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Never Mix Promises and Callbacks in NodeJS

When using Node.js, you should never mix promises and callbacks. It’s a recipe for confusion. The problem is pretty obvious in hindsight, but it sure threw me for a loop the first time I ran into it.

I’ve created an example Mocha test case that demonstrates the problem. In it, I’m using Knex to fetch a user from a database. Knex queries return Bluebird promises by default, which I use to complete a callback that I’ve passed in. Basically, this is what you want to avoid:


// a somewhat silly minimal example:
function fetchFirstUser(callback) {
  knex.first().from("users").then((user) => {
    callback(user);
  }).catch((e) => {
    callback(null);
  });  
}

it("should pass us a null if there are no users", function(done) {
  fetchFirstUser(function(user) {
    expect(user).to.be.null;
    done();
  })
});

Looks innocuous enough, right? When this happened to me, so many things went wrong at once, and then erased their tracks, that it took me a while to figure out what broke. Here’s an abridged version of my learning experience :)

When I run the above test, I get:


  fetchFirstUser
    ✓ should pass us a null if there are no users


  1 passing (142ms)

Seems OK, right?
Now let’s make sure our test fails. We’ll change the expectation to:

expect(user).to.not.be.null;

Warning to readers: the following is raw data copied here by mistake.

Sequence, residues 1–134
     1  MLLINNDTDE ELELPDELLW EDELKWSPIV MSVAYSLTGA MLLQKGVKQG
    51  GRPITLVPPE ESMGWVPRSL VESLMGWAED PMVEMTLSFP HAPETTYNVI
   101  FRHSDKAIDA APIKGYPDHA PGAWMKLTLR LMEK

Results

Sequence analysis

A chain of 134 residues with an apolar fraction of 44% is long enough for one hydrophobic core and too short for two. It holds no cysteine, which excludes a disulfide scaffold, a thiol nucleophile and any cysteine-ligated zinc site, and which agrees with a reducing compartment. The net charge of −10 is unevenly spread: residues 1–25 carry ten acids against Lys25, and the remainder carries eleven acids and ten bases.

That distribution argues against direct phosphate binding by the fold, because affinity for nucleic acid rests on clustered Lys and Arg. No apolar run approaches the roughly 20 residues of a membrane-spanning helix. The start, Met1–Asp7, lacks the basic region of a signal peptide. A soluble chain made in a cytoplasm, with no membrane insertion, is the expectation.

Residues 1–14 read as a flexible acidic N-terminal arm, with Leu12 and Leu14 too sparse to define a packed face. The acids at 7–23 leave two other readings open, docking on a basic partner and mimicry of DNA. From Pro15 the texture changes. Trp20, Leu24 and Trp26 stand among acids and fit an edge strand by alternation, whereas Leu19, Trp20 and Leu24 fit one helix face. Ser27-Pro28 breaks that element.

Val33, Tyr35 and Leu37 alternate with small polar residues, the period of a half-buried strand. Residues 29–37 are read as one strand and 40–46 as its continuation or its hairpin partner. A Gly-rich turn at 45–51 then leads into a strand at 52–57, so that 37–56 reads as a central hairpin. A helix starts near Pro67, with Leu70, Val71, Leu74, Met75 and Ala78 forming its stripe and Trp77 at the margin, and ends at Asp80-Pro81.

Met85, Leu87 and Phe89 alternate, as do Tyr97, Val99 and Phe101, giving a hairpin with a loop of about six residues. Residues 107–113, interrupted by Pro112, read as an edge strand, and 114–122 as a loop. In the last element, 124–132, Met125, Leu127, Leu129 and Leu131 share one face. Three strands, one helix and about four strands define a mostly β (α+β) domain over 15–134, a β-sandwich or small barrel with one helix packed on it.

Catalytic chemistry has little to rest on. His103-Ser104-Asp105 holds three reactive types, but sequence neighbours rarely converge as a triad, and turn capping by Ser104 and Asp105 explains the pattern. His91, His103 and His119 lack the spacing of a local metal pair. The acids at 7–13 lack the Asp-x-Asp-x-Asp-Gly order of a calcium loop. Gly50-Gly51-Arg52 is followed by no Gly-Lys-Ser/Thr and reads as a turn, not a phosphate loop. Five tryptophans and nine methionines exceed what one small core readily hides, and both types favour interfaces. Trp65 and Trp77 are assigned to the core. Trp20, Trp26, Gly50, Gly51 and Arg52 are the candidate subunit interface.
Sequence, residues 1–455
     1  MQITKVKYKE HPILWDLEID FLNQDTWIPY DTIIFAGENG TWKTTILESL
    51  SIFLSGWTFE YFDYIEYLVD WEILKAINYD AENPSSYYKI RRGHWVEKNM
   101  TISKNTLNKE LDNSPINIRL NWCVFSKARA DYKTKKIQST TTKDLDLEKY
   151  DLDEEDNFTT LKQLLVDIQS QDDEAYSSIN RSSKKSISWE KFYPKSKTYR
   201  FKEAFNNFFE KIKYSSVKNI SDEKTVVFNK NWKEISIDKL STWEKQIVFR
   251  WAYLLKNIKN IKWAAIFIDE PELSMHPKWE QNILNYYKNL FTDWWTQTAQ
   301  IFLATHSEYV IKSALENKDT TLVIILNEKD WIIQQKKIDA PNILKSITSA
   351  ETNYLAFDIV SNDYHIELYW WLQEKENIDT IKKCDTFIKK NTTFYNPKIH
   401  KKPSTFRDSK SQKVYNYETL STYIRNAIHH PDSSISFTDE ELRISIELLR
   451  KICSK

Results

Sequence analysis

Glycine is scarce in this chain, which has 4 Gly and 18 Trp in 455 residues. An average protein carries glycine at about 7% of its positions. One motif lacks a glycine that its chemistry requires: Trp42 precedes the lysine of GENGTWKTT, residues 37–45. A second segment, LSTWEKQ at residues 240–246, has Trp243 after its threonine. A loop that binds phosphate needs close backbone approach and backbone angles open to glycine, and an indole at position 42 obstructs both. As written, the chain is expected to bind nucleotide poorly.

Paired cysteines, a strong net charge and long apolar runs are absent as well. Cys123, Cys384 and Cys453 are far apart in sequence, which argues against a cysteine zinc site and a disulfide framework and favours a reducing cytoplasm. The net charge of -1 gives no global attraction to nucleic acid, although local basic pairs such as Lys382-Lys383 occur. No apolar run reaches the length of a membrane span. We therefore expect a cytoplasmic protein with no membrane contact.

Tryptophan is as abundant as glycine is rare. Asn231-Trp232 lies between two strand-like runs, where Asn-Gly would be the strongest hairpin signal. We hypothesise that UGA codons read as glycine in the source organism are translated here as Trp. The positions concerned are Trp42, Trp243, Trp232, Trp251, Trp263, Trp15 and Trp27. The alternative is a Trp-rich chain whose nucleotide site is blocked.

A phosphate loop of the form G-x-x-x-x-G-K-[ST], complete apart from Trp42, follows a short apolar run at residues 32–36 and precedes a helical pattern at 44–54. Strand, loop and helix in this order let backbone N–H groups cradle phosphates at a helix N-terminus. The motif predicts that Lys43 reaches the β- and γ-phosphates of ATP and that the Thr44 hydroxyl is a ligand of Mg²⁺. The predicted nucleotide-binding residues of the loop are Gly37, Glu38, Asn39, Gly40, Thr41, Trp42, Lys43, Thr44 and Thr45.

Now, when I run this test, I get:


  fetchFirstUser
    ✓ should pass us a null if there are no users


  1 passing (142ms)

Oh No…

Oh. This can’t be good.
Let’s change the expectation to something nonsensical:

expect(user).to.be.equal(5);

Now, we get:


  fetchFirstUser
Unhandled rejection AssertionError: expected null to equal 5
    at test/testsomething.spec.js:45:26
    at db.first.from.then.catch (test/testsomething.spec.js:21:5)
    at tryCatcher (node_modules/bluebird/js/release/util.js:16:23)
    at Promise._settlePromiseFromHandler (node_modules/bluebird/js/release/promise.js:510:31)
    at Promise._settlePromise (node_modules/bluebird/js/release/promise.js:567:18)
    at Promise._settlePromise0 (node_modules/bluebird/js/release/promise.js:612:10)
    at Promise._settlePromises (node_modules/bluebird/js/release/promise.js:687:18)
    at Async._drainQueue (node_modules/bluebird/js/release/async.js:133:16)
    at Async._drainQueues (node_modules/bluebird/js/release/async.js:143:10)
    at Immediate.Async.drainQueues (node_modules/bluebird/js/release/async.js:17:14)
    at runCallback (timers.js:651:20)
    at tryOnImmediate (timers.js:624:5)
    at processImmediate [as _immediateCallback] (timers.js:596:5)

    1) should pass us a null if there are no users


  0 passing (2s)
  1 failing

  1) fetchFirstUser should pass us a null if there are no users:
     Error: Timeout of 2000ms exceeded. For async tests and hooks, ensure "done()" is called; if returning a Promise, ensure it resolves.

Promises Eat Exceptions

OK, now we’re getting somewhere. There are two weird things going on:
1) It’s saying user is null, so why didn’t not.be.null fail?